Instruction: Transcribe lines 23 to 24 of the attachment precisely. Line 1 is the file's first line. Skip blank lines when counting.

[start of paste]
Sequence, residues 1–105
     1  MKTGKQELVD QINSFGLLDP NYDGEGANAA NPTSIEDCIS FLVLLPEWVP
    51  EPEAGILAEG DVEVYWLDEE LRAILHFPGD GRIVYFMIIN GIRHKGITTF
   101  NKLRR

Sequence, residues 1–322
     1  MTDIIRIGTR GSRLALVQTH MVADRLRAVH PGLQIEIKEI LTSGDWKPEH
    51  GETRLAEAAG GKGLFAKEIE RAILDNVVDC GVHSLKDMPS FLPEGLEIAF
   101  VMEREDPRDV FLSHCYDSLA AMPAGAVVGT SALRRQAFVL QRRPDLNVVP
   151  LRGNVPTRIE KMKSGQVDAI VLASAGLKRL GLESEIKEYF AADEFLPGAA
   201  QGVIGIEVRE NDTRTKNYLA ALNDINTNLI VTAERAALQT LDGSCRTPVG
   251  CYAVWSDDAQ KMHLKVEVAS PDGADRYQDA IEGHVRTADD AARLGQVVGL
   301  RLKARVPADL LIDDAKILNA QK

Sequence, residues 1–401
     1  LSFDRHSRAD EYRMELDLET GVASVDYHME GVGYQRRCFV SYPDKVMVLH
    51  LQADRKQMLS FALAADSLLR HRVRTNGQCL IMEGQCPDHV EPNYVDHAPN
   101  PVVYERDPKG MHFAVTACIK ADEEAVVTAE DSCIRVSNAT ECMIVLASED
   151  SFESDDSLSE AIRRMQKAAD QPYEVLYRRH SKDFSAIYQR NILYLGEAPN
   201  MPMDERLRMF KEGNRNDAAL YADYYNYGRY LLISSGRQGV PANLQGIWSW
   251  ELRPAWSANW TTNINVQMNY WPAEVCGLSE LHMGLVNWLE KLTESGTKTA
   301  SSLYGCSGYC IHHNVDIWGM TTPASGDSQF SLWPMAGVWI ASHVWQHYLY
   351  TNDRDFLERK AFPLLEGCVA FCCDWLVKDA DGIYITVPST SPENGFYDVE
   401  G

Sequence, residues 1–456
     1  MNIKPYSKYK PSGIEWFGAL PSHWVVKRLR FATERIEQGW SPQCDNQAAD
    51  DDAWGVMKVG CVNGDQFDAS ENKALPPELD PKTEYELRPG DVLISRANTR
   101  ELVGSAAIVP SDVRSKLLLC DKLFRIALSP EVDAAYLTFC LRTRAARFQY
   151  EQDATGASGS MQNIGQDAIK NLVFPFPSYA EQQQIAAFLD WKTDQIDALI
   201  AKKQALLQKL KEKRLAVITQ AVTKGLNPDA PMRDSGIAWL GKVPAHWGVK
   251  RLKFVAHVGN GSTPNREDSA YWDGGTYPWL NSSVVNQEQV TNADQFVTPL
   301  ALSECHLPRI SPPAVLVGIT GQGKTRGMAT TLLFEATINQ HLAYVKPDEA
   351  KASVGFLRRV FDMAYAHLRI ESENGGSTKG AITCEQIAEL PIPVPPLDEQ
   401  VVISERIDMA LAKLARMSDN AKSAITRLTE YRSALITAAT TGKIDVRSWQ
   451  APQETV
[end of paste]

Sequence, residues 1–456
     1  MNIKPYSKYK PSGIEWFGAL PSHWVVKRLR FATERIEQGW SPQCDNQAAD